The afternoon was mainly to create enemies, assemble the game, and to evaluate what content was really useful to the game. I started playing around and I realized that the weapons I wanted to create at first were not necessary. The rooms were recorded in order to travel back, but as I disabled the recording, I found something interesting : I was thrilled to travel back and discover another room yet more dangerous than I imagined. I decided to cut the room recording and focus on the main concept of being unable to predict what would lie in the next room.

Around 5PM, I was playing around, proud that I could run my game without a crash, and without any blocker bugs. Then I realised the game did not have neither a goal, nor a game over. Then I started to think about simple goals that I could achieve in the late hours of the project. I added three variables to the game : player health, collectibles and difficulty. I assumed that the player would be unable to fight monsters but instead be able to escape them. As a progression I added a byte value that I incremented every room change in order to manipulate enemy stats (spawn count, velocity), and as a goal I spawned randomly crystals to collect. I started working on flames that would burn monsters, but no need, I created the graphics but never used them.

The problem is : the difficulty raises quite hard, that I kinda liked, but the crystal spawns were too sparse and increasing the rate would not be a good Idea, as the game sessions would be awfully short. Instead, I added a balancing for the player by adding randomly 1UP Hearts instead of crystals in some rooms. That would lead the player to take risks in order to extend its survivability. And so by tweaking the stats, the game was on. I struggled hard to finish a game (by chance I admit) , and decided that the balancing would do the trick, so you Hardcore players.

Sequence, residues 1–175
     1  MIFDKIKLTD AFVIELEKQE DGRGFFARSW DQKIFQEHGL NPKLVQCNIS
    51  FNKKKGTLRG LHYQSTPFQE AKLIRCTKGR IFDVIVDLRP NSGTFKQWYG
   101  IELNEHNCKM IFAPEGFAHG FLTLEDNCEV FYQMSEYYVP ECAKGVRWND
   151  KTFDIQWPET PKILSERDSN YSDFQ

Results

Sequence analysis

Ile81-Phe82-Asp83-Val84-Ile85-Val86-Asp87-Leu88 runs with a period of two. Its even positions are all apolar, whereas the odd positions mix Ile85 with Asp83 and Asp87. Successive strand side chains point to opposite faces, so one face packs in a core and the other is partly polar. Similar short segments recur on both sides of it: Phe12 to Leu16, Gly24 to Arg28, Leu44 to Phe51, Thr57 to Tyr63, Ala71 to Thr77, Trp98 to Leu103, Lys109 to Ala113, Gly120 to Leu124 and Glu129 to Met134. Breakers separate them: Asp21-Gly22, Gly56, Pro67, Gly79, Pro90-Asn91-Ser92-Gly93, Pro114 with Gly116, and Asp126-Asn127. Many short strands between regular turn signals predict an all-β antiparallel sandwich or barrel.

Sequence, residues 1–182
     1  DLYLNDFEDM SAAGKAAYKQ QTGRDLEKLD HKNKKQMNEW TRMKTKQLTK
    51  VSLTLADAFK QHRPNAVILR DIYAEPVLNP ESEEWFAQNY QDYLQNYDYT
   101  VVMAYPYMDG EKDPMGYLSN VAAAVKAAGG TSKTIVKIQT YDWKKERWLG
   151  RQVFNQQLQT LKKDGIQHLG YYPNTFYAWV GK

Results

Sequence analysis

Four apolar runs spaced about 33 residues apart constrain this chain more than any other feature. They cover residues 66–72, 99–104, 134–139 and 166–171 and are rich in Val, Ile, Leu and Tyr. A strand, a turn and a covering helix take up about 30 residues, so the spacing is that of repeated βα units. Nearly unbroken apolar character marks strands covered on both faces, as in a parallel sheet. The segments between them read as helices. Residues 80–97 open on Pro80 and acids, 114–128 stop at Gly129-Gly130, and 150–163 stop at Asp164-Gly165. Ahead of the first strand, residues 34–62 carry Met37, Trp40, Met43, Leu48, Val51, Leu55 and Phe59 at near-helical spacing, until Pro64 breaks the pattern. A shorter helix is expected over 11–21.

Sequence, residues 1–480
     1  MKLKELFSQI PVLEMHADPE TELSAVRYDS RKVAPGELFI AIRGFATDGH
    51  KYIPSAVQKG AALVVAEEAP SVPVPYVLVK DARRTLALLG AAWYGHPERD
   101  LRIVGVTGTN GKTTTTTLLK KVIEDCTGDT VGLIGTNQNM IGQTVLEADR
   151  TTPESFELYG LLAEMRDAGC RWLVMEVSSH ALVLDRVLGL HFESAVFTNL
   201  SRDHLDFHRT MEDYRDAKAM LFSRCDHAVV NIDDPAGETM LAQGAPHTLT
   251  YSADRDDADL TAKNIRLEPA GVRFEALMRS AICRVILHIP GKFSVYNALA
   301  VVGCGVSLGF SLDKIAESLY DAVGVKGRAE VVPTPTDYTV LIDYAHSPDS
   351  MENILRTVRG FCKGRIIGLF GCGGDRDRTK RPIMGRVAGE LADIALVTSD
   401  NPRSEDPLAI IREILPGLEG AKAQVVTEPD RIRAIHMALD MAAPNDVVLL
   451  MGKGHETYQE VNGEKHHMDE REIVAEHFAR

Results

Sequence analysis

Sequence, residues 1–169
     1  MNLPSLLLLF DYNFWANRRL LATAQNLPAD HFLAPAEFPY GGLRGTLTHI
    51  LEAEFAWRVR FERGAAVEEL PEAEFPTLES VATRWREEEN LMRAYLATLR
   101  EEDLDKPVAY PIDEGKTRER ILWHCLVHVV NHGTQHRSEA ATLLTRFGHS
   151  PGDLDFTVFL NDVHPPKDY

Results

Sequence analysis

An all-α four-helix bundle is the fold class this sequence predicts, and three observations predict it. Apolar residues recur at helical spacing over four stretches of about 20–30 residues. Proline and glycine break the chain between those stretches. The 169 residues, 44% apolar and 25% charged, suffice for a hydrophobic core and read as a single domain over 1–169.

As I’m not a musician, I finally tried my best to create a simple layer of sound in order to sustain the improbable rhythm of the game. Using Famitracker (simple enough for the time left) and Audacity (in order to clean up the sound loops). I created really quick some short loops, jingles, and SFX. Hopefully the Low level Audio layer of XNA is simple enough to play loops and SFX so I did not struggle (even though I never coded a single line of audio in XNA). Finally the game was done. I gave the exe to my girlfriend in order to test It on some other PC, and I discovered It needed the XNAFX4 redist (pfew, included in the zip in time :))

Cool Story Bro, the game is Out. My first one. It’s really weird and hard, but Im proud of It.

-Tom-

 

WHAT I REGRET / I DID WRONG / I WILL DO BETTER NEXT TIME, PROMISE, MOM :

  • The Collision Algorithm is not quite smooth as I wanted to, but I ended up assuming its functionality and its constraints (unability to glide around walls) as a difficulty challenge for the game.
  • I always want to write clean and beautiful code: and I waste often too much time. In the end, I ended up writing KISS but working code.
  • I did not start with a full goal, but with only a piece of concept that I wanted to improve on a experimental basis: this was quite a waste of time but could have been really wrong if I
  • As my friend Dralym asked me a minute ago : My game lacks dual or triple screen support, but did not have the time to hack around and detect exotic configurations :(
  • Not using Monogame for the multi-platform :( Ill try to port It later if I’m brave enough to dive again into this.

 

SOFTWARE USED:

  • XNA Game Studio 4.0
  • Paint.NET / TileStudio
  • FamiTracker / Audacity

THIRD PARTY FREEWARE USED:

You can review my entry here : http://ludumdare.com/compo/ludum-dare-31/?action=preview&uid=45217
I have captured some minutes of gameplay and put It on youtube here : https://www.youtube.com/watch?v=giFm_z_PjY4&feature=youtu.be